From Professor Hornborg’s Introduction to Global Magic:
Magic is not merely a practice constrained by the absence of objectively efficacious knowledge but a particular kind of social strategy for achieving specific ends. As defined here, magic hinges on the attribution to certain objects of an agency that is actually contingent on human perceptions rather than on the physical properties of the objects themselves, but to humans appears to be independent of their perceptions.
Put another way, Charlie Brown and Linus look at clouds. Linus sees in them the tale of Nebuchadnezzur and the stoning of St. Stephen. Charlie Brown sees a ducky and a horsey. A climatologist however sees clouds.
Put yet another way, among the rubble on my coffee table right now is a bottle cap and a 20p British coin. Which is more valuable? Both are designed metal objects of roughly the same size. Your instinct is likely that the coin has value whereas the bottle cap is garbage; the coin can be used for a market transaction whereas the cap has filled its purpose. Except there’s a slight problem there. As I live in Ireland that 20p coin cannot be used to purchase anything, much as I found when I lived in England and attempted to change a bag of euro coins I had brought with me only to be told that no shop, bank or currency exchange outlet would take them. Out of their context, those coins had lost their magic as it were.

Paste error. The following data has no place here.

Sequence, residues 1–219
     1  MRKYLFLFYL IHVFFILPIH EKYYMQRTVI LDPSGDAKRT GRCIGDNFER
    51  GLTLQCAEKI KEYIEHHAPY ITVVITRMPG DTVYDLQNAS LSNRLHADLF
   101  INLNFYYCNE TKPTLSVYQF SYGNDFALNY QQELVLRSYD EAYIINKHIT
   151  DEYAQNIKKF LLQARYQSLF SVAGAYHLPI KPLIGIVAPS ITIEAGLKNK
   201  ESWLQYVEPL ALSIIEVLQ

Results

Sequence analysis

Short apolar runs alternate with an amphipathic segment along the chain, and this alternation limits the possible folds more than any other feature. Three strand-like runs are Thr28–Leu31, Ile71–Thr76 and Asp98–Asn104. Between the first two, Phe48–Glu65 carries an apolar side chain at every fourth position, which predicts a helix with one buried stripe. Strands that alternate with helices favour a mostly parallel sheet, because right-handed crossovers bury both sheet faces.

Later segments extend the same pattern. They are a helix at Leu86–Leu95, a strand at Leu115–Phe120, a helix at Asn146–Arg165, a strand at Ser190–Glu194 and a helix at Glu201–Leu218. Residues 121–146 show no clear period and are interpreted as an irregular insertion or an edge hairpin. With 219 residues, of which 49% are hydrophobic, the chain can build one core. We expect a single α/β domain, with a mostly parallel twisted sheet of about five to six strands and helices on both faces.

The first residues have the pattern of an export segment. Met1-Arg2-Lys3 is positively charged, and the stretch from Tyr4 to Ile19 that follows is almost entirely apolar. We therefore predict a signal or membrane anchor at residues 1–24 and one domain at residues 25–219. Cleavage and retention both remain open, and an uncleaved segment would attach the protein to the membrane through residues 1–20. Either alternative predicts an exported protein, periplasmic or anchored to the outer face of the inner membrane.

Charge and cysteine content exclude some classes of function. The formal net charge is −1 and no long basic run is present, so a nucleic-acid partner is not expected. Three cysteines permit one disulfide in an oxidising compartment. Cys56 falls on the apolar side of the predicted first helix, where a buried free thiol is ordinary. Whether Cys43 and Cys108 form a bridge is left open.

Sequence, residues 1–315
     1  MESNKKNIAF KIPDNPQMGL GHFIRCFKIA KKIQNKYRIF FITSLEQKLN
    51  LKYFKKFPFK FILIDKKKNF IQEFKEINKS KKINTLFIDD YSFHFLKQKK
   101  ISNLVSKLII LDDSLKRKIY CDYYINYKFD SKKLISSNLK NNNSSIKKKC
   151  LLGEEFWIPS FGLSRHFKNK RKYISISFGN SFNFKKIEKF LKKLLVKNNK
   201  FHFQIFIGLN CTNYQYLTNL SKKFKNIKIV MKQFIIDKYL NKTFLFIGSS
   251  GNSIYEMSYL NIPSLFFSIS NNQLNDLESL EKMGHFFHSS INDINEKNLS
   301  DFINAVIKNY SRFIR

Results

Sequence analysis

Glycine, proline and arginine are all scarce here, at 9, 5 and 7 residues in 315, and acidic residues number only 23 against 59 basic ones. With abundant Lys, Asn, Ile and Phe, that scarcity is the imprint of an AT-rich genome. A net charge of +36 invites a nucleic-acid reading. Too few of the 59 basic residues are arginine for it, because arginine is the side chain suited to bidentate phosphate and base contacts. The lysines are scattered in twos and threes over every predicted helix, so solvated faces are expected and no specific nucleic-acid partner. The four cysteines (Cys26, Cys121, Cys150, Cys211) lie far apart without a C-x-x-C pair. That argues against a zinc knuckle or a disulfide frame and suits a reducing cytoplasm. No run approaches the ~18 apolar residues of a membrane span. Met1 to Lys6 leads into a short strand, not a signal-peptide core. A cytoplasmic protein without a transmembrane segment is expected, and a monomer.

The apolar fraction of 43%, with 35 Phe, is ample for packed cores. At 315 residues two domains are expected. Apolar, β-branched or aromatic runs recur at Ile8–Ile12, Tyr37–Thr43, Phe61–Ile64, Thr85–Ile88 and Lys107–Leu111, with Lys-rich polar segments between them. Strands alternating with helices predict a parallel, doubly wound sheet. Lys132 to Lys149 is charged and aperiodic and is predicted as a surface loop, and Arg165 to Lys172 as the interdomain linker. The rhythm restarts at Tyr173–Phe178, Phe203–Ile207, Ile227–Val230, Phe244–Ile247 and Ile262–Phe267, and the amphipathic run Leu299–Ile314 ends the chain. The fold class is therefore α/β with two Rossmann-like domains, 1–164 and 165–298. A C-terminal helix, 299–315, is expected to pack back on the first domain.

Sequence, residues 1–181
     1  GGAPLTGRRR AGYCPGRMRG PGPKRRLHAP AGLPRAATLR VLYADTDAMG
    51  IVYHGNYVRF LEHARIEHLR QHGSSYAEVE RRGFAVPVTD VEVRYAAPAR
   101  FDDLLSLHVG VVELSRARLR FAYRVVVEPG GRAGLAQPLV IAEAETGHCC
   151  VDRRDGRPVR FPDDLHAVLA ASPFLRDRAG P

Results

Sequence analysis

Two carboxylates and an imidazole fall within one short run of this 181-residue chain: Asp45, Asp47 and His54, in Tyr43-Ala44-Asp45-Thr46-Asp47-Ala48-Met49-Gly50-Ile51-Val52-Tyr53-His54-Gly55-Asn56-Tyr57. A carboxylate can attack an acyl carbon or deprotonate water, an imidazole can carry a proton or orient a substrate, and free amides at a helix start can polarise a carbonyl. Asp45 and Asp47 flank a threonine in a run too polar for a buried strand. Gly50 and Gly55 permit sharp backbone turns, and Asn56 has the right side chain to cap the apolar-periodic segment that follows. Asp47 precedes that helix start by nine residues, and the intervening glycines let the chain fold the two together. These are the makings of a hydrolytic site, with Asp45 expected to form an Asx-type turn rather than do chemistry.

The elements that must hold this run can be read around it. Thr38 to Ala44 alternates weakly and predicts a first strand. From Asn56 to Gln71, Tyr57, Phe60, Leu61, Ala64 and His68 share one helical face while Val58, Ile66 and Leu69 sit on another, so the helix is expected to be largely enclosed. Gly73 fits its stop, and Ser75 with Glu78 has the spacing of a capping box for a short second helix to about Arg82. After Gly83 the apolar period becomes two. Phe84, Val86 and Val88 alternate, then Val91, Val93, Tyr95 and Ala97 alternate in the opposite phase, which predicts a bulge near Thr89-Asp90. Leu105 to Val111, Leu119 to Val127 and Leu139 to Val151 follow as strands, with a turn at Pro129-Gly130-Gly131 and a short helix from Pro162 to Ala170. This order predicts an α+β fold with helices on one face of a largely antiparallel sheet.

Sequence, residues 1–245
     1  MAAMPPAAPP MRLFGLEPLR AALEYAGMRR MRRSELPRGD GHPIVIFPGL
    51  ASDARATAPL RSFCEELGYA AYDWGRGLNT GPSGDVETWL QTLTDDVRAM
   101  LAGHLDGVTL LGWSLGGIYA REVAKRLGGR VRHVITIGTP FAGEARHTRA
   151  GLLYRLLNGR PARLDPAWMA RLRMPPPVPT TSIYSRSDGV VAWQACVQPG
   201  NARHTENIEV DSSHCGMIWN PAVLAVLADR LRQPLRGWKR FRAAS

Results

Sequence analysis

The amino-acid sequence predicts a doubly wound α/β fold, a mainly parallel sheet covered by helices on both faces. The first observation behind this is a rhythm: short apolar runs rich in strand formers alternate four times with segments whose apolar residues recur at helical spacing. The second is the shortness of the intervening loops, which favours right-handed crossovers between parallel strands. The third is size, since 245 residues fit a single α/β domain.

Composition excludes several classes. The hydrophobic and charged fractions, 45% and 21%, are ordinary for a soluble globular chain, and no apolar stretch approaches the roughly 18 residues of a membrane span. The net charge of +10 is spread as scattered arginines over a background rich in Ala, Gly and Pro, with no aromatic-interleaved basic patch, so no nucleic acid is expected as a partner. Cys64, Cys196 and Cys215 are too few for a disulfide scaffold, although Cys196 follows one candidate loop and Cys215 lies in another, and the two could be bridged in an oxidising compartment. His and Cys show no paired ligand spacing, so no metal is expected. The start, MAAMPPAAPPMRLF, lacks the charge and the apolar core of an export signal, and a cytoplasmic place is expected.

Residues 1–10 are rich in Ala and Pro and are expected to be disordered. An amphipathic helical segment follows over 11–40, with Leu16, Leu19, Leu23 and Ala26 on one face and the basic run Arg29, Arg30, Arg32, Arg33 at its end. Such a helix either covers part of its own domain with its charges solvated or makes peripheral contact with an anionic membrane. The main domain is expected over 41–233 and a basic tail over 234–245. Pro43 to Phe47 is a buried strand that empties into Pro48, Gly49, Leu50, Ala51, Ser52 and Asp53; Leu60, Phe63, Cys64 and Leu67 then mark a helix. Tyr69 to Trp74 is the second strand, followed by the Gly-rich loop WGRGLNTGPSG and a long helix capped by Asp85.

While Global Magic is a challenging book engaged in explicating the complicated relationships between and among culture, industry, finance and ecology, at its heart the book seeks to simplify. Taking these intensely studied and analyzed subjects back to their radical root what we have are systems built to sustain values built on what Karl Marx referred to as fetishism.